“They’re almost out of ammo. Now or never. They’ve got a dozen grenades left.”

“Perfect.” I swing the M2 to cover Mykola while he reloads. “Have ‘em stack all the explosives in the wagon and clear out. Keep one grenade for yourself and join Bertha. We do it now.” The hunt ring slowly closes on us as my belt of ammo shortens. I spin the gun to a temporary stop in order to be heard, “Time to go! Load up! Bertha, get ready to push!”

Pyotr and Mykola grab handholds as Bertha slams the Jeffery into reverse and pops the clutch. I straighten the last few feet of ammunition and pulse the M2 back to life, but the twitchers’ ring has pushed so close that I’m nearly aiming straight down. The Jeffery jolts as we bump the wagon, pushing it in front of us.

The remaining survivors clamor around the armored car for hand holds. Those with ammunition left join Mykola in keeping the seething ocean of twitchers at bay. Empty clicks replace the jarring pulse of the .50 caliber as the last of the ammunition runs through its chamber. “Bertha, we gotta’ go!” She guns the engine until we’re bouncing at nearly 30mph. I lean over the driver’s seat and yell, “do it! Do it!”

Leonid chucks the grenade into the middle of the munitions pile on the wagon while Bertha slams on the brakes, sending the wagon careening into the ring of twitchers by itself. I roar above the fray, “wait until you see the blue flame and make for the opening!” But things are quickly getting ugly.

Screams crowd me on my perch as I realize we’re completely overtaken. Men are fighting back twitchers with rifle butts and bloodied knuckles. But in a barroom brawl the average twitcher is three times stronger than a uninfected man. Pyotr tucks Mykola in behind him and creates a flashing wall of death, the setting sun glinting off his spinning ax.

Twitchers encase the Jeffery on three sides, and still nothing happens—no fire-storm-causing explosion. Leonid recognizes the problem first, “Dud! It’s not gonna’ blow.”

Part 18

Paraplegic Zombie Slayer:p.16

The metal on metal squeal of the Jeffery’s brakes snaps me from my trance. My sons. All I can think of are my sons.

I shake the dead twitchers from my mangled legs and drag my body back toward the discarded shotgun, popping two more shells from my bandolier on the way. I hear Bertha swearing underneath the continual torrent of .50 caliber shells raining down from her perch on the Jeffery.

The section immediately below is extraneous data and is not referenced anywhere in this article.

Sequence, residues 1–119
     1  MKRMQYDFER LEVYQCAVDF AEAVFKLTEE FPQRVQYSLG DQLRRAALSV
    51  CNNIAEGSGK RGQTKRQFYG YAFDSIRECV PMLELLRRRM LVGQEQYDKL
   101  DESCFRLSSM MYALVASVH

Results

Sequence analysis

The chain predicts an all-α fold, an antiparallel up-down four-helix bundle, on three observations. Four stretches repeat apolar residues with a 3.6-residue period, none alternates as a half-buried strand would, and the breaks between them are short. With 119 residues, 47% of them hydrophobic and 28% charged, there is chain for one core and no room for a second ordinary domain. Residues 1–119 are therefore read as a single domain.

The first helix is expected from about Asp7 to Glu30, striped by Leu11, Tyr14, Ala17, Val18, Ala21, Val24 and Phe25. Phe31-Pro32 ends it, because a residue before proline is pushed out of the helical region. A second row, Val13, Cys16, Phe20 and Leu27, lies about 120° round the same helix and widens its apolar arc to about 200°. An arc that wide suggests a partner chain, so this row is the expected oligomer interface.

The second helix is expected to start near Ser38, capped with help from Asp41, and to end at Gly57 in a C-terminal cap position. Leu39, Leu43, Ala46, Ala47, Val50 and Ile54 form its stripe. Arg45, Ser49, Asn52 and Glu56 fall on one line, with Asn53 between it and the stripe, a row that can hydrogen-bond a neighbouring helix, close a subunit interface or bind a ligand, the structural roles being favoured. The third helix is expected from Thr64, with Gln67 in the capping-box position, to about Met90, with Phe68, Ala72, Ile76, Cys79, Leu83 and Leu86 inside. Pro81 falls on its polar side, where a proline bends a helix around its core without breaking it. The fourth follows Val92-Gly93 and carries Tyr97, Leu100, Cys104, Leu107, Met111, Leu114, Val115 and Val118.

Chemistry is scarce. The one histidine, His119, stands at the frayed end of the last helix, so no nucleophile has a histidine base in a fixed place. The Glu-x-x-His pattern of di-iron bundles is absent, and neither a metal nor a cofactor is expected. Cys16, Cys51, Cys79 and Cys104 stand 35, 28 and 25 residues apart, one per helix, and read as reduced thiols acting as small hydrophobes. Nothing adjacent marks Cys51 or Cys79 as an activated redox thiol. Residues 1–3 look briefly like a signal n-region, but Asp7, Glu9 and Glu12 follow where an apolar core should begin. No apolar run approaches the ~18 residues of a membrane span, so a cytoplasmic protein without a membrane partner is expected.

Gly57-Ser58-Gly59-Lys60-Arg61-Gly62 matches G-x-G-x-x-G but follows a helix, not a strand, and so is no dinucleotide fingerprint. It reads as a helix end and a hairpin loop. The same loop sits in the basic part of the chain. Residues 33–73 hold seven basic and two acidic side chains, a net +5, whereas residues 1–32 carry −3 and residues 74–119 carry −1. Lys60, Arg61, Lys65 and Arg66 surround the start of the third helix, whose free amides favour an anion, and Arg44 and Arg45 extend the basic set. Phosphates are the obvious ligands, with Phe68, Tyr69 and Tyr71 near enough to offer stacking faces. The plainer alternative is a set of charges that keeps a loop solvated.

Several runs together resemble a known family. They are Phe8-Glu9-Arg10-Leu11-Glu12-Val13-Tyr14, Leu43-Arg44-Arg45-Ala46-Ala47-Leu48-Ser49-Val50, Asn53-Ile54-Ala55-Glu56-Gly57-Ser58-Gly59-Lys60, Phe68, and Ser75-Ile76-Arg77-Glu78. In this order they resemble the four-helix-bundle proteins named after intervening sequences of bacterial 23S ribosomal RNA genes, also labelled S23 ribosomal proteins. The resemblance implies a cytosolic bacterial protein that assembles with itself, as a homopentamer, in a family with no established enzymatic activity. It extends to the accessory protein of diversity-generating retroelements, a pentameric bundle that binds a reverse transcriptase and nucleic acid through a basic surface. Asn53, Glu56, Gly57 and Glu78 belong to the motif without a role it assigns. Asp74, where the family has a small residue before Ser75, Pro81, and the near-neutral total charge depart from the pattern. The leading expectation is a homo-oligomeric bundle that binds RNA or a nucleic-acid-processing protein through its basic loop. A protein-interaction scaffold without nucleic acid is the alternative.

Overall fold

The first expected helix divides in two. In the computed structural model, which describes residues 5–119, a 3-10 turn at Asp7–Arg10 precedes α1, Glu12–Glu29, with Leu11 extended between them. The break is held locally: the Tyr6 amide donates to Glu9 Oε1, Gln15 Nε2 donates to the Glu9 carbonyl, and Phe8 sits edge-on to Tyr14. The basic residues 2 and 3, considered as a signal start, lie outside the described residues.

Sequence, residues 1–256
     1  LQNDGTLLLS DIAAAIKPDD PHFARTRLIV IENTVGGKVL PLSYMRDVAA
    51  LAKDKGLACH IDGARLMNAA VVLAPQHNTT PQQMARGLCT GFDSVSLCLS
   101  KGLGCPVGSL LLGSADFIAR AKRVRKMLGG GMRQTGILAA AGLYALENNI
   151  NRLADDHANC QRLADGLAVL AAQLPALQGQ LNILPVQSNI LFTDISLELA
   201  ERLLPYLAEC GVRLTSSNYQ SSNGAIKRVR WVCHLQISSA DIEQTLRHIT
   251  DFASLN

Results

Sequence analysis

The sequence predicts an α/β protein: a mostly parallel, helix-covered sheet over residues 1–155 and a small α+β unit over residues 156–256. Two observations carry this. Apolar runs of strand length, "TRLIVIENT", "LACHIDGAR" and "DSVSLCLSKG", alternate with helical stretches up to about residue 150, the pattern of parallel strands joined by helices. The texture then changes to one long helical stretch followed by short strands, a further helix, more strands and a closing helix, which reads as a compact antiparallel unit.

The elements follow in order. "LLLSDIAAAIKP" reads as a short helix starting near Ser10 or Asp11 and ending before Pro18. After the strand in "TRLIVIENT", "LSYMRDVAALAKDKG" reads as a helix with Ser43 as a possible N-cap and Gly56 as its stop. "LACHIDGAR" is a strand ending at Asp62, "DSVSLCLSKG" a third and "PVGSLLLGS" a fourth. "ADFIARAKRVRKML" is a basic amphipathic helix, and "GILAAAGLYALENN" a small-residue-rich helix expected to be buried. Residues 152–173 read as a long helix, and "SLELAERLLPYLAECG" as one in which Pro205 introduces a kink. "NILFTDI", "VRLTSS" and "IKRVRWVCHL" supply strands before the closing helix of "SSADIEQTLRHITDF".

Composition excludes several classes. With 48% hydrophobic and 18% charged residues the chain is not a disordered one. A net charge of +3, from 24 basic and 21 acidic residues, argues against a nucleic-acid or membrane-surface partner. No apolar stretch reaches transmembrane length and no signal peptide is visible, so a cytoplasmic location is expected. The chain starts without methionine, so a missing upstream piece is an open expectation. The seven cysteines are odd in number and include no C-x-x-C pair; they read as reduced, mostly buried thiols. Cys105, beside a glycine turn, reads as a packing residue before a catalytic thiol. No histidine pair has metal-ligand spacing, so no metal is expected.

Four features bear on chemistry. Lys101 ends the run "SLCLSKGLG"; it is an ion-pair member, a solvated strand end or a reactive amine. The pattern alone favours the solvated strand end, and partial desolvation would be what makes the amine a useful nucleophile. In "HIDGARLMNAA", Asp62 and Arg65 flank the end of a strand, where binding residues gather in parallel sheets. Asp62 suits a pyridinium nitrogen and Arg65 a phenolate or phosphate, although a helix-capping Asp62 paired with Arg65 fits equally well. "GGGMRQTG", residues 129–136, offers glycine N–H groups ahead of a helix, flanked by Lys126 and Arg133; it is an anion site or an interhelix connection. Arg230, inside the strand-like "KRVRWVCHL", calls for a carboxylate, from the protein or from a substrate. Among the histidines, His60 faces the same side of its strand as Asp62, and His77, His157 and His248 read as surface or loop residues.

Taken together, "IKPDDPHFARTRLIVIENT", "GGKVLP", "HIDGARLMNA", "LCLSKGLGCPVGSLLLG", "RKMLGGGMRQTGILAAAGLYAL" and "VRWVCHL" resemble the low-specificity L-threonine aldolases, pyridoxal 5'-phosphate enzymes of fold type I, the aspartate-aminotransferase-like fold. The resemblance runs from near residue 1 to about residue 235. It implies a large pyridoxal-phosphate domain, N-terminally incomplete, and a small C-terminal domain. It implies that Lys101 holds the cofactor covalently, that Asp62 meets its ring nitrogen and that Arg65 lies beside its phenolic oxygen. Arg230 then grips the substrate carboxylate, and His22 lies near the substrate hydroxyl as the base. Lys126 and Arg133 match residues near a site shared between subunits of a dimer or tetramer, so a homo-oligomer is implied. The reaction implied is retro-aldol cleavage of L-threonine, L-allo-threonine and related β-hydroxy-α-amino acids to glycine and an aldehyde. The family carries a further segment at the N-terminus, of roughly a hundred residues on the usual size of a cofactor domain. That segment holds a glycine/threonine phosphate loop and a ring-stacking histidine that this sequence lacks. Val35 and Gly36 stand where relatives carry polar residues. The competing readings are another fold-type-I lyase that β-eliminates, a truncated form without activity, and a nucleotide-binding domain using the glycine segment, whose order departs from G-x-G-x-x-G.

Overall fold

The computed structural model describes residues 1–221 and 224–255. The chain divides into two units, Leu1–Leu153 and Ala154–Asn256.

No sooner than I shove the shells in the chambers and slap the shotgun shut, I turn to witness a twitcher’s head explode a few feet away.

“Papa!” I hear Mykola chamber another shell and just as quickly spend it. Leonid scoops me over his shoulders, this time like a sack of feed. From my perch I finally witness the carnage in its entirety. We had become the main attraction, twitchers streaming toward us by the hundred.

Mykola covers our retreat to the Jeffery, firing his 12-gauge faster than I could focus on the spent shells ejecting from the chamber. Writhing limbs surround us on three sides. Finally I spot Pyotr, a whirlwind standing in the tracks at the head of the Jeffery, amidst a stack of dead twitchers three feet high.

“I’m out!” Mykola backs against the armored car scrambling to reload.

“Pete, time to go!” Leonid strains at the hand holds on the Jeffery’s side. “Hold on, Papa. This is going to hurt.” He lunges up the side in two quick motions and hurls us both onto the top. I flop off his shoulders like a dead fish and roll down into the passenger compartment. All I can see now is Bertha straddling the .50 caliber M2 against a red and violet sky.

Pyotr flies over the edge of the Jeffery followed closely by Mykola and the sound of scratching nails on armor plating. Dizzily, I realize we’re already in motion.

“Papa!” Pyotr scrambles down to my side while Mykola leans over the edge to dispatch the freeloaders.

“I’m fine. I’m fine.” I prop my head up with Pyotr’s help.

“You look like govno.” He smiles.

“Well, I’ll fit right in.” I grip him by both shoulders and smile back. “You’re crazy, my son.” I pull him toward me. “Thank you.”

“Your legs.” Mykola joins us.

“They mean nothing. We’ll cut them off when we get home.” I embrace my youngest as well. “For now let’s stop the bleeding.” I look them both in the eyes. “We’re not home yet.”